The former first lady of the Seychelles and several other high-profile figures were in court on Friday over a $50 million embezzlement scandal that has gripped the paradise island nation. In all, six people have been charged over the disappearance of the funds which were given to the Seychelles government by the United Arab Emirates two decades ago.
The case has thrown the spotlight on corruption in the tiny Indian Ocean republic, long seen as a tax haven for the world’s super-rich where business and politics are closely entwined.
On Friday, the court ordered that Sarah Zarqhani Rene, widow of late president France Albert Rene who ruled from 1977 to 2004, remain in custody on charges of money laundering, along with another three co-accused. The two others were previously released on bail.
Zarqhani Rene, 63, has failed several times to be freed from detention, with the court fixing bail at $2 million, a sum she says she cannot afford.
In 2002, when Rene was still in power, the UAE donated $50 million (44 million euros) to help the Seychelles, then facing an acute foreign currency shortage, to import food and other vital goods to replenish empty shelves.
Prosecutors say the money was syphoned off from the central bank to a bank account in Britain, passed through various shell companies and returned to the Seychelles to buy undervalued hotels being sold off in a privatisation scheme.
The suspected masterminds are prominent businessman Mukesh Valahbji, the former president’s economic adviser, and his wife, while the investigation has also ensnared a former finance minister, a senior finance ministry official and a senior army officer. All the accused have protested their innocence.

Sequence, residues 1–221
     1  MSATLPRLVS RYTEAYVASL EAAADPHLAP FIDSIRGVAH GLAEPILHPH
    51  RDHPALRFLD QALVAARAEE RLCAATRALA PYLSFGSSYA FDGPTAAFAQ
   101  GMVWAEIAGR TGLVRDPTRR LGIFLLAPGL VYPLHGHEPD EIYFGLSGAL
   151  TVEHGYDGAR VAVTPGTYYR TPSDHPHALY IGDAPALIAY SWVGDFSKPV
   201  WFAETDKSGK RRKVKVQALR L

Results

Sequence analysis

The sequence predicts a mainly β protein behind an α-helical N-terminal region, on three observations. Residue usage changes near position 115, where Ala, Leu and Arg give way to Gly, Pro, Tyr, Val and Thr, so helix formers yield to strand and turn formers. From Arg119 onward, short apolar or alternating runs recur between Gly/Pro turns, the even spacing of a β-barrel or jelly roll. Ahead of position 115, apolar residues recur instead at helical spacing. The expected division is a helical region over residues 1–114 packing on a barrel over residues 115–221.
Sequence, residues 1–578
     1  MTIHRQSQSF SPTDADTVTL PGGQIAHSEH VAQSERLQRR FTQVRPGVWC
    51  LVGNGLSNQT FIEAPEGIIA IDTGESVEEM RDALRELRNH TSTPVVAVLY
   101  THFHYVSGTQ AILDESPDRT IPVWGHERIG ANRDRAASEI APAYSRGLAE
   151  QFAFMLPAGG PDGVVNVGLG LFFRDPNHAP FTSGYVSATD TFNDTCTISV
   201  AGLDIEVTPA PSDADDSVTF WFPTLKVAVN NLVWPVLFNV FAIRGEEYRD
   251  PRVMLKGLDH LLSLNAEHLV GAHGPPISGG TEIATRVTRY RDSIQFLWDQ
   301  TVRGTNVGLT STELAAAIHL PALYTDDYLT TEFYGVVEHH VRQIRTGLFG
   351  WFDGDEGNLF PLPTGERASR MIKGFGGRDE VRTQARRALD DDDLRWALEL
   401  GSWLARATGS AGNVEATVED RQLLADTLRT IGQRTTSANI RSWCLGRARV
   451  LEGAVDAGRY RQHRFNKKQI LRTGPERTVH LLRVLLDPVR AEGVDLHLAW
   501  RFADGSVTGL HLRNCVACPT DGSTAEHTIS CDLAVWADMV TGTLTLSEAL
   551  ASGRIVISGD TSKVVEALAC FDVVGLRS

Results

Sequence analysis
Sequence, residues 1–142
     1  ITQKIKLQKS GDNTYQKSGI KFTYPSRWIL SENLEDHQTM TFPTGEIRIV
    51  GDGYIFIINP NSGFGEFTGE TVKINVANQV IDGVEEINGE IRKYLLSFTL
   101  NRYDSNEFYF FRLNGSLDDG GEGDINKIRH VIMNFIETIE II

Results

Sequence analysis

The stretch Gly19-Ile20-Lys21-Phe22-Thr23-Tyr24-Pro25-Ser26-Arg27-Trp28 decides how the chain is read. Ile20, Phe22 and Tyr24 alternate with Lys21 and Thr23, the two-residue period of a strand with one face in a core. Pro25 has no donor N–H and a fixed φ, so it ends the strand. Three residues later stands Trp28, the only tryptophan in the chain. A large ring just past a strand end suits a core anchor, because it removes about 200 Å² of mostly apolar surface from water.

In the case of Zarqhani Rene, anti-corruption investigators are looking into payments totalling $700,000 into her Australian bank accounts. She insists it was her husband, who died in 2019, who managed the accounts.
A trial date has not yet been set as investigations are ongoing, and a seventh person was arrested at the weekend but not charged.
Since his election in October 2020, President Wavel Ramkalawan has embarked on a drive against corruption in the archipelago, renowned for luxury resorts and idyllic beaches. And in October last year, the European Union removed the Seychelles from its tax haven blacklist after committing to reforms to meet the bloc’s demands for greater transparency.
The EU move was criticized by British charity Oxfam, however, as the Seychelles featured prominently in the Pandora Papers, the vast trove of leaked documents that showed how the world’s rich and powerful use tax havens to hide assets worth hundreds of millions of dollars.
A former British colony, the Seychelles is made up of 115 islands and according to 2021 World Bank data is the richest African country as measured by per capita gross domestic product.